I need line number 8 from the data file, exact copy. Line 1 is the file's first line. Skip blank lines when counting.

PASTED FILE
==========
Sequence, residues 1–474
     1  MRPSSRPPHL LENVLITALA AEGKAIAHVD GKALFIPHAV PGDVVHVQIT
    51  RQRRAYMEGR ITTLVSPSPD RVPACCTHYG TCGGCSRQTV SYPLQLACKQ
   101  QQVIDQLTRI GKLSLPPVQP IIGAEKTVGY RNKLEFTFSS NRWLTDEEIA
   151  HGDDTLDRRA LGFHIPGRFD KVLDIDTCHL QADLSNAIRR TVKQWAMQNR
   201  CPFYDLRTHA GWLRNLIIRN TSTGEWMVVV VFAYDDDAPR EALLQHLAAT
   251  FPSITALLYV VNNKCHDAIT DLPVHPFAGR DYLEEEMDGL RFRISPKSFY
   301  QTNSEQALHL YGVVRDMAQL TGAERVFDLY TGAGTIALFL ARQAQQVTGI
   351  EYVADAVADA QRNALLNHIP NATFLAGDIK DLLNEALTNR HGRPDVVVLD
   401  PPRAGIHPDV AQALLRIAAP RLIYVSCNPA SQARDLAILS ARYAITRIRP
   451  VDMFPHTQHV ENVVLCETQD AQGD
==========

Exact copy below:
   301  QTNSEQALHL YGVVRDMAQL TGAERVFDLY TGAGTIALFL ARQAQQVTGI